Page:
Withdrawal Reflex

Wednesday, April 4, 2012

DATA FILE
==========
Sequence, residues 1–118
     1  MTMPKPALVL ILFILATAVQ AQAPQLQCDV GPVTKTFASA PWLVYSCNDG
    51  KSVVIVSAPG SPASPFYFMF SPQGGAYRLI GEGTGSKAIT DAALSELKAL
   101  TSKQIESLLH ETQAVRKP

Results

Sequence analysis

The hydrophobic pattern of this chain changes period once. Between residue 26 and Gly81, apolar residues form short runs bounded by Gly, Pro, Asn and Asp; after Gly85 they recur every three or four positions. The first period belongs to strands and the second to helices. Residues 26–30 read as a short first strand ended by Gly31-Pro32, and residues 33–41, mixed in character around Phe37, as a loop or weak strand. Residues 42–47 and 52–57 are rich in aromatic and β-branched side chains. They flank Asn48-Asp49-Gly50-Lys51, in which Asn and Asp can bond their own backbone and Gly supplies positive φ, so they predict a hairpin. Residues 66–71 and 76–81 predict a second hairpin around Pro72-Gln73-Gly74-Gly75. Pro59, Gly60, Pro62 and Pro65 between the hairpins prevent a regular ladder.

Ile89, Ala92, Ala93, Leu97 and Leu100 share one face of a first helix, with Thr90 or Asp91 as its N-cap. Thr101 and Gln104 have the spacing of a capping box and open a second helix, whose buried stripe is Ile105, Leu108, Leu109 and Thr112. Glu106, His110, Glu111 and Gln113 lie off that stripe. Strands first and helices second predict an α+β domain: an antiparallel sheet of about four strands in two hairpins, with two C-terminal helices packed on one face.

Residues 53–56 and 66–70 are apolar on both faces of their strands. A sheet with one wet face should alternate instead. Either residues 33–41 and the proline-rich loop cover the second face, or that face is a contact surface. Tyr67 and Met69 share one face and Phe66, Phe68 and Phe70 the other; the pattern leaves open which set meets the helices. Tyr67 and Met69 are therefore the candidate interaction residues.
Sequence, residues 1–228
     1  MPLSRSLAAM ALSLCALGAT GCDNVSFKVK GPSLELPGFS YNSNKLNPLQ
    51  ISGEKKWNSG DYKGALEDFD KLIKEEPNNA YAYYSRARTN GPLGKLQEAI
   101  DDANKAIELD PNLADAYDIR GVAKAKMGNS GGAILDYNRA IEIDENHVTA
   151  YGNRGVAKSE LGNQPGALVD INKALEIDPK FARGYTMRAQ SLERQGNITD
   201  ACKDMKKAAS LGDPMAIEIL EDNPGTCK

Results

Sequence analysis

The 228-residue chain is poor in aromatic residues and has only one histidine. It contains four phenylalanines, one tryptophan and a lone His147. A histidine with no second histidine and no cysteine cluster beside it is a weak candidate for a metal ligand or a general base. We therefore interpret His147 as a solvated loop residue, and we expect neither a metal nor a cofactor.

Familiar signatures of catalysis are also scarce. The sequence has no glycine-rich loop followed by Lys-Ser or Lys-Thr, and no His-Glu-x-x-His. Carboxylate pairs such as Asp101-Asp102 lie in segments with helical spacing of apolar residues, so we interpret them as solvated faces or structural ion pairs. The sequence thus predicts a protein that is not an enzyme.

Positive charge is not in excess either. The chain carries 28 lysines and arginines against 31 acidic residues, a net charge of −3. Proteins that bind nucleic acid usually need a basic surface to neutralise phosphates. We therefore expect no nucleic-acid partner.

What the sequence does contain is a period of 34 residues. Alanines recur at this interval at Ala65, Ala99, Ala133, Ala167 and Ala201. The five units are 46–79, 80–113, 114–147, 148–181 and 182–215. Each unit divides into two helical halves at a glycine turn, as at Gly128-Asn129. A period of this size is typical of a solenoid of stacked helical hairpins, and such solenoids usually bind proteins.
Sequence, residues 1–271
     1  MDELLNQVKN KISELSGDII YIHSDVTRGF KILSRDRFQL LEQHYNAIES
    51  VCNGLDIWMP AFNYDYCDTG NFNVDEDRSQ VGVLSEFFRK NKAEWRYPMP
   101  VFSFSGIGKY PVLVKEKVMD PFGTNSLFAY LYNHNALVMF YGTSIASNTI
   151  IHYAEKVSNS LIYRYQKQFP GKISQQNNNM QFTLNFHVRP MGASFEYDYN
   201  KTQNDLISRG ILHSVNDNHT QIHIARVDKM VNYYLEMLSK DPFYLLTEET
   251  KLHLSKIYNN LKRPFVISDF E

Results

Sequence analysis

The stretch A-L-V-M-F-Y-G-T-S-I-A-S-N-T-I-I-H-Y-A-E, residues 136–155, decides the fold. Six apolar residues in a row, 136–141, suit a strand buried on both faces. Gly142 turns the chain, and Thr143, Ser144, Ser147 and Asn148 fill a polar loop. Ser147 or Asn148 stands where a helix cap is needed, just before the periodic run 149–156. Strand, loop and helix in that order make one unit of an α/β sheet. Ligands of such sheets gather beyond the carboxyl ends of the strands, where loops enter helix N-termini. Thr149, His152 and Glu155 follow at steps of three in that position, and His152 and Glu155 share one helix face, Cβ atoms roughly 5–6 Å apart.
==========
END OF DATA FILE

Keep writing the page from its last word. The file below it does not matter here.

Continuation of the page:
In addition to the afferent information from the spindle stretch receptors and Golgi tendon organs of the activated muscle, other input is fed into the local motor control systems. For example, painful stimulation of the skin activates the ipsilateral flexor motor neurons and inhibits the ipsilateral extensor motor neurons, moving the body part away from the stimulus. This is called the withdrawal reflex. The same stimulus causes just the opposite response on the contralateral side of the body—activation of the extensor motor neurons and inhibition of the flexor motor neurons (the crossed-extensor reflex). The strengthened extension of the contralateral leg means that this leg can support more of the body’s weight as the hurt foot is raised from the ground by flexion.